Project Common Voice by Mozilla stands as a beacon of how AI can be harnessed for cultural preservation. At its core, this project is a crowd-sourced database that gathers voice recordings from people around the world, aiming to share voice recognition technologies widely. By encouraging contributions in a multitude of languages, dialects, and accents, Common Voice plays a crucial role in safeguarding linguistic diversity. This effort not only supports the development of more inclusive voice recognition systems that can understand and respond to a broad spectrum of human voices, but also illustrates the capability of technology to support preservation of languages and dialects. In the broader context of design and technology's impact on culture, Project Common Voice exemplifies a commitment to using AI to respect cultural and linguistic diversity, thereby enriching the collective cultural landscape.

As a design tool, Common Voice pushed me to reconsider how AI can be used to design for inclusion at scale. The ability to plug in a service like this means that products can rapidly support more users in more contexts, removing some of the barriers and gatekeeping in many of our existing design paradigms for technology.

And as a final example: Someone close to me has long-term depression and anxiety. She found major collaborative iPhone games, like Clash of Clans, are a way to playfully connect with new people. For her, those friendships moved from online to real life, for life. She and her friends started to travel together—she even dated one for a while. Previously isolated, she ended up moving across the world, from the US to Europe, to live near her new friends. Her life has shifted for the better. She’s healthier, happier, and more connected in real life, as well as online.

As designers, we need to remember that the platforms that we design will be used in many ways outside of our intentions–for better and for worse. In my work at IDEO, I pay attention to how people make what we design their own; often, I fold those use cases in as the real value propositions, even if they are outside of the vision we start with as designers.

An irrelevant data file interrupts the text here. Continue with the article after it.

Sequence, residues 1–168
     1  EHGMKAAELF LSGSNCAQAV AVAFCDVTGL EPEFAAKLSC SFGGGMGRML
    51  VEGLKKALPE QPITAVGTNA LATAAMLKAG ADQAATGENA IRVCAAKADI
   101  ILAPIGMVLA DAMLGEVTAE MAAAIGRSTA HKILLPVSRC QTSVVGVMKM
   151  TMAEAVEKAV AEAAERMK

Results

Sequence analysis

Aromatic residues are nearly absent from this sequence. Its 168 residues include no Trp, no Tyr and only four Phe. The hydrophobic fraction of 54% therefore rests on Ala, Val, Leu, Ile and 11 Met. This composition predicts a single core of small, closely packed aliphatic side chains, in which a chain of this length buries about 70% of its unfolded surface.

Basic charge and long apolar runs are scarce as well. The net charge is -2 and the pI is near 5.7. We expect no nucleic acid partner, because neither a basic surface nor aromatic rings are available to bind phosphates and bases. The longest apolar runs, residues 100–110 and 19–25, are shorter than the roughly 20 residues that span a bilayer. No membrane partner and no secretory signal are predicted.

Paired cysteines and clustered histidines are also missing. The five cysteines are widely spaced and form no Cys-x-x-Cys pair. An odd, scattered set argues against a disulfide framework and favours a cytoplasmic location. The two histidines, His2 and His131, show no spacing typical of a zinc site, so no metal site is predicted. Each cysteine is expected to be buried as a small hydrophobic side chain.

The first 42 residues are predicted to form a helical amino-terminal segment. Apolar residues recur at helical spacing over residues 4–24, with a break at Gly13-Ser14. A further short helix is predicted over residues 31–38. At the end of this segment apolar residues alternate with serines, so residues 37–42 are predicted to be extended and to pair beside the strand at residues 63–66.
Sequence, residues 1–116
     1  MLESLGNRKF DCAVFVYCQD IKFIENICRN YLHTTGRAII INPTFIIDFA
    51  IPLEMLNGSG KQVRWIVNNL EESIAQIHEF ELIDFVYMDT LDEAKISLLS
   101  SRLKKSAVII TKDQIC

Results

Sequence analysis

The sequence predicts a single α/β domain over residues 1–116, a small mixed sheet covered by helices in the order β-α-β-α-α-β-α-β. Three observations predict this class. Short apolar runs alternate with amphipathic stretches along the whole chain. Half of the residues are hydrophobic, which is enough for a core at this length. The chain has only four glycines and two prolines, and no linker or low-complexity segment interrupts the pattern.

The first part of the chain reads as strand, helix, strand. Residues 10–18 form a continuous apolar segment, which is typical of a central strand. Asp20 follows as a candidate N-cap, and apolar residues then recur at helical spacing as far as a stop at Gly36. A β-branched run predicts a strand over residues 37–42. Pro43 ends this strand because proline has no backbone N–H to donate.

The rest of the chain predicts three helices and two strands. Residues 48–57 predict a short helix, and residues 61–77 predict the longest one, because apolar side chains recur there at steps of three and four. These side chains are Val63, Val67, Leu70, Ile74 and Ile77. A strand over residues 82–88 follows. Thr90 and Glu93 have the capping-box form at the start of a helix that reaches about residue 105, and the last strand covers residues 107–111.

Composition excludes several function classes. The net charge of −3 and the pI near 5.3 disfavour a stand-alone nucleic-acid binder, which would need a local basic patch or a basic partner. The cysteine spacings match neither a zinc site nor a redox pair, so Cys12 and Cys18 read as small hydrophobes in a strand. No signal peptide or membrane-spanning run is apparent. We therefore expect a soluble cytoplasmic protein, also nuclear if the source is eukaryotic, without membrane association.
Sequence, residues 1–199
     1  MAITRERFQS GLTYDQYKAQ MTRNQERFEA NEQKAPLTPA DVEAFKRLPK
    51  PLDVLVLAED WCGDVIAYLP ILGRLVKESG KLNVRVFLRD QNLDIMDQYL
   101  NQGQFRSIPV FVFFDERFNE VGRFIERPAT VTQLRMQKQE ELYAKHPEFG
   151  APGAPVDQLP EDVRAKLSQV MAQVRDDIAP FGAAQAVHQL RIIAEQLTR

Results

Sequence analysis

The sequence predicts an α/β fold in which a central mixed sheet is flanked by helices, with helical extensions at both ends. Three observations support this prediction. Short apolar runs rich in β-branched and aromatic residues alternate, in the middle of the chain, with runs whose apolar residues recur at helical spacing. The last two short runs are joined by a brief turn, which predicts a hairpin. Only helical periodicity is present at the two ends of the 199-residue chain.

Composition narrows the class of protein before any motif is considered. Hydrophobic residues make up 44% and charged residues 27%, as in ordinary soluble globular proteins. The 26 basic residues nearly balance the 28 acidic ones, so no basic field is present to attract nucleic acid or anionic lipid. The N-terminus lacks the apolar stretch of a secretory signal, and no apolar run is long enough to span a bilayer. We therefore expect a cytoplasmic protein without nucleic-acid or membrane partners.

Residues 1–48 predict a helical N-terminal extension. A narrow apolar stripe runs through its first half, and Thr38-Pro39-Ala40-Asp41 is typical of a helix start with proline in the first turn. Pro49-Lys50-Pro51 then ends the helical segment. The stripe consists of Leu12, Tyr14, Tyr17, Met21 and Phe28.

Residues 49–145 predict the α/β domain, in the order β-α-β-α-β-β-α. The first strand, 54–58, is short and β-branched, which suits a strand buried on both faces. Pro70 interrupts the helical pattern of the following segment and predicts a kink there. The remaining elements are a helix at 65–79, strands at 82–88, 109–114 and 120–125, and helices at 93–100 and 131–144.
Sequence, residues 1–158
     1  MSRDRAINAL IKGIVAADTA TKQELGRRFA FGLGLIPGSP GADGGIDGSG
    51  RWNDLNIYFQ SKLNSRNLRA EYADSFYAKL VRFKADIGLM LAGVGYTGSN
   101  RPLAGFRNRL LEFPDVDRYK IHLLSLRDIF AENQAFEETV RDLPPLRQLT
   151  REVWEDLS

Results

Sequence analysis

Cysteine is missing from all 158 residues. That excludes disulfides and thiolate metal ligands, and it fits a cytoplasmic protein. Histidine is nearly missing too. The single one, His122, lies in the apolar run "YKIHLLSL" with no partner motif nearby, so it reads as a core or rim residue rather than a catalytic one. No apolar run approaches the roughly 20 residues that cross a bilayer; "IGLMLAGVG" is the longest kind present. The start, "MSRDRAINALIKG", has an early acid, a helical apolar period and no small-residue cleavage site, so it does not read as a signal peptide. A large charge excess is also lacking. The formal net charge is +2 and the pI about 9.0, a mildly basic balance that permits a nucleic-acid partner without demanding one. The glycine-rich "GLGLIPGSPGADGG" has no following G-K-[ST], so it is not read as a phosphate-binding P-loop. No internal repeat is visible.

The flip side

The rapid integration of individual contributions into the collective domain has also caused irreparable damage. The accelerated pace at which personal expressions become part of the cultural lexicon compromises the depth and authenticity of cultural evolution. The risk of a homogenized, polarized, and defaulted monoculture, shaped by trends, algorithms, and the endless dopamine loops they feed, rather than organic self-understanding and cultural diversity, means that design needs to take on new values. The potential of powerful technologies to be used as surveillance arms means we need to put extra care and intention in how and what we build. The spectrum of ethical issues and social needs invite us to consider how we might use the mediums that come next–AI, XR, robotics, etc.–to preserve the richness of our personal, cultural, and social perspectives in a fast-paced digital world. That’s an opportunity for design.

As designers, we have a broader responsibility to the cultural zeitgeist. We need to advocate for designs that not only resonate on a personal level, but also contribute positively to the collective narrative. We are shaping the levers that culture will build and flow upon, and that’s a major responsibility. This dual focus on the individual and the collective calls for a nuanced approach to design, one that balances innovation with care, and personal expression with cultural nuance.

Parts of the images in this article were created/altered using generative AI.

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Savannah Kunovsky
Managing Director, Emerging Technology
Savannah focuses on emerging technology and what it means for the future of society, life, and earth.
Alicia Duvall
Design Lead
Alicia is a jack of all trades and has actually managed to master quite a lot of them. She combines concept, design, illustration, lettering, motion and strategy to tell beautiful stories.